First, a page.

Retaining legal advice is costly, but with careful budgeting, I managed to pay off more than $ 60,000 in legal debt. Still, there was nothing left for student loans, and I began to default on them. A credit company even sued me. They determined that I would go to court or add thousands of dollars to what I already owed. I was no match for a student loan company, so I took the latter option and added more debt to my debt.

In the 1960s the tuition fees were low enough that a student could work part-time and pay it off easilyWith stagnant wages, less paid jobs and rising living costs, this is no longer true. Student loans promise a promise they can no longer keep: if we invest in our future, we will reap the rewards. But this future no longer exists. Those of us who strive to pay off our loans against all odds are often undermined when other financial difficulties arise. For me they were difficult procedures, but for others they were medical emergencies or car trouble.

When I was looking for better paid work, every job in my profession required a master’s degree. I looked for months before I decided graduate school was my ticket to financial security. When I got in, I moved myself and my kids – then six and nine years old – to Montana. I got enough help to cover my college fees, but still had to take out more loans to cover the rent and bills. In 2015, I finished graduate school with a debt of $ 43,441. Despite the higher cost of living in Missoula, Montana, I was able to keep my debts under control the $ 66,000 average that borrowers typically accrue for a master’s degree. As a single parent I have worked outside of class as much as possible to make this possible.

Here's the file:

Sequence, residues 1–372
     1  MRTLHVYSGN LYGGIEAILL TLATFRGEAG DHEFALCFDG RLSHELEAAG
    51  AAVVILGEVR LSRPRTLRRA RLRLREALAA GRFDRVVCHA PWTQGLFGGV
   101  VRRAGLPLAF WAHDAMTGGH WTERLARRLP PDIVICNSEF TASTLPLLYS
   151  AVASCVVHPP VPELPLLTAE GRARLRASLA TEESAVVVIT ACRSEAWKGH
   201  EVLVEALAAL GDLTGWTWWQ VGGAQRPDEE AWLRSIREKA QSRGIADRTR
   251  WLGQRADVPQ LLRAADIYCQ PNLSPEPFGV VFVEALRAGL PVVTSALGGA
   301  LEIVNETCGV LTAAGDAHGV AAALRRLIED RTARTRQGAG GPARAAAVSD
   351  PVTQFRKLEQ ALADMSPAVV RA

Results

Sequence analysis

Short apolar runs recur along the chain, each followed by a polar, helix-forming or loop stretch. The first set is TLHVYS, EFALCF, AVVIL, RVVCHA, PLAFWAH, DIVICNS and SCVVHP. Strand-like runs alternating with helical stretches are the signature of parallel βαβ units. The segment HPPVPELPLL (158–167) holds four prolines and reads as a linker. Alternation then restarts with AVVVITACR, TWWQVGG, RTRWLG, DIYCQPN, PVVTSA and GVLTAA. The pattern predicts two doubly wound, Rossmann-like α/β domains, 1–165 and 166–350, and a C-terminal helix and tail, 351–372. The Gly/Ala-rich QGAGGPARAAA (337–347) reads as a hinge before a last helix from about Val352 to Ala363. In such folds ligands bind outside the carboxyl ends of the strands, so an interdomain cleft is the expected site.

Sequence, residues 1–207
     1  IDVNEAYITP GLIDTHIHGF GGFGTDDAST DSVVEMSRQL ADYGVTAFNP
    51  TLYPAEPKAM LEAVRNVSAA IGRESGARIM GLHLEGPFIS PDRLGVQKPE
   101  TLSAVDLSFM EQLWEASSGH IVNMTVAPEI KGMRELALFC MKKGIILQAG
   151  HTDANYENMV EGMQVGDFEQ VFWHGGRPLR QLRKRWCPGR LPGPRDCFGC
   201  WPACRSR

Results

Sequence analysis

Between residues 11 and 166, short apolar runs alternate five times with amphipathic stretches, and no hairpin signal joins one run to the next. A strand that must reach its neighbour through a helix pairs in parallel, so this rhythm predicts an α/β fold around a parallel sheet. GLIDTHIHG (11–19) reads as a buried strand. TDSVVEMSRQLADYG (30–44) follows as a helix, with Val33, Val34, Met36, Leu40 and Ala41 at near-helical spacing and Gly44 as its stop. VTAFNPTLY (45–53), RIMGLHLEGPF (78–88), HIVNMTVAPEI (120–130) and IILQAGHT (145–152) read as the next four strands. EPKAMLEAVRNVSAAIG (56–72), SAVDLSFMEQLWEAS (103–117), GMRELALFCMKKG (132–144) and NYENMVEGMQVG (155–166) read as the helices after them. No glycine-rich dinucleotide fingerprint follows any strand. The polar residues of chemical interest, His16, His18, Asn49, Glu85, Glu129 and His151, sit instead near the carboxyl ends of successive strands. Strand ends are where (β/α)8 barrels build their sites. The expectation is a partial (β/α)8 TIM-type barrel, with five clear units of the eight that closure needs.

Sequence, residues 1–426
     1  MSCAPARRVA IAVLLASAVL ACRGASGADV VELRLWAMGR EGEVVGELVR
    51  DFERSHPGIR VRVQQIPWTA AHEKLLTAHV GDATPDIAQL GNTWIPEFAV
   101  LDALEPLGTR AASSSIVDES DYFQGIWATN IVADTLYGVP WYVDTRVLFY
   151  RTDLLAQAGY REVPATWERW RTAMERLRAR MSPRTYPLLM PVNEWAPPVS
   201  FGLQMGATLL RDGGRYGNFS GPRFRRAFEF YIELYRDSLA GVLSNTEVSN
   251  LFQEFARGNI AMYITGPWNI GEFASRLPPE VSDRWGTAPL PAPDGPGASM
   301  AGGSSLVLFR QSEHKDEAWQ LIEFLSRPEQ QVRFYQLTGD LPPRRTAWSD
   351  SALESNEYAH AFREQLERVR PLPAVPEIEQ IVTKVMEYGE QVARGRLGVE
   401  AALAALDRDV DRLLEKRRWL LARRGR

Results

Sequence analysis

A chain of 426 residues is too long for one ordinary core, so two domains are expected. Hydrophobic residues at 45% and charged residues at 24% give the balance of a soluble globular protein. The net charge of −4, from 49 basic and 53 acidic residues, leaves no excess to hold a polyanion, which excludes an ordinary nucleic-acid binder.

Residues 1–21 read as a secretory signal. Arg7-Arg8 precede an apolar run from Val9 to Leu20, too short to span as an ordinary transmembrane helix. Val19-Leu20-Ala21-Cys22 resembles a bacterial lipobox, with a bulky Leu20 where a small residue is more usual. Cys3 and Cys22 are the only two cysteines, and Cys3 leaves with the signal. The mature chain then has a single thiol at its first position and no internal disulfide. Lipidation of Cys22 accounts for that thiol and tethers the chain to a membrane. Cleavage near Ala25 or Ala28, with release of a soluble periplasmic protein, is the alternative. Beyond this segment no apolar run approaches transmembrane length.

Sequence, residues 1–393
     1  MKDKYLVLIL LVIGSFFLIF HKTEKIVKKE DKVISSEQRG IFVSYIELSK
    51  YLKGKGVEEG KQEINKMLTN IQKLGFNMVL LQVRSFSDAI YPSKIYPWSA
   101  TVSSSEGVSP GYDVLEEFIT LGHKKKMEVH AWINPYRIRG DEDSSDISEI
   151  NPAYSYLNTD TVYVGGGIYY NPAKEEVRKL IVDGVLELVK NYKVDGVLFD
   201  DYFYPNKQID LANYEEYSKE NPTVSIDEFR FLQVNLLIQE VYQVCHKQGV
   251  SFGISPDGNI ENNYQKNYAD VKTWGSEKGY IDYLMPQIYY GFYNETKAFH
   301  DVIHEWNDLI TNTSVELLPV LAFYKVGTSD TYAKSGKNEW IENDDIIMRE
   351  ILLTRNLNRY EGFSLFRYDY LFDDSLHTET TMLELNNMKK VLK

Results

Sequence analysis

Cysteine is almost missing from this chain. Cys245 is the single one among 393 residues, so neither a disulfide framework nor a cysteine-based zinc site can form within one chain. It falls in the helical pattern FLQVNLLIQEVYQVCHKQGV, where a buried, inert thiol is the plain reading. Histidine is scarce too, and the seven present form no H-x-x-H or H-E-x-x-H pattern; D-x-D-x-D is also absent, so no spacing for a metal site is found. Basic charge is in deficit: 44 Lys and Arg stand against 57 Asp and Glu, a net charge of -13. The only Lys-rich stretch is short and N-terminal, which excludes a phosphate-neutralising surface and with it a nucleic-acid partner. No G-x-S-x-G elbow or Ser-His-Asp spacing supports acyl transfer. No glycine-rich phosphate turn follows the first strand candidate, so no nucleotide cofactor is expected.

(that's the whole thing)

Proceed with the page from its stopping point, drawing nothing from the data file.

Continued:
Five years later, interest rates on my loans have gone up and I now owe nearly $ 81,000 – nearly $ 13,000 more than I took out in the first place. And the numbers continue to rise.

Student loan debt is linked to inequality

Like reported in 2020, women have two-thirds of student loan debt. In addition, A 2019 study found student loan debt is much greater for black AmericansTo: “The typical black student borrower took out about $ 3,000 more in loans than his white peers; but 20 years after starting school, the typical black borrower owed about $ 17,500 more than his white peers. nearly half of white borrowers were student debt-free (49 percent), while only a quarter of black borrowers were able to pay off all their loans (26 percent). ”

Not only would the forgiveness of student loans keep more people housed and fed, but it would also help narrow the wealth gap between men and women and the gap between races and wealth.

Naysayers argue that student loan forgiveness would not be fair to people who have paid off their loans, but it is a move that would boost the economy and benefit everyone. A 2018 report concludes that universal student debt cancellation would increase GDP by about $ 100 billion a year and result in the creation of up to 1.55 million jobs per year. Like the Debt Collective, a union organized around debt cancellation writes, “Most people are not in debt because they live beyond their means; they are in debt because they have been denied the means to live.” This should not be a partisan issue.

While my kids received more than just sheets at Christmas, I remain concerned with their enjoyment of a simple household item. I want more for them. I want Alex to be able to go to college, but I don’t want my kids to get stuck in a predatory system designed to hold them down through crippling debt. Full student loan forgiveness would give families like mine more opportunities and help my children escape the circle of poverty.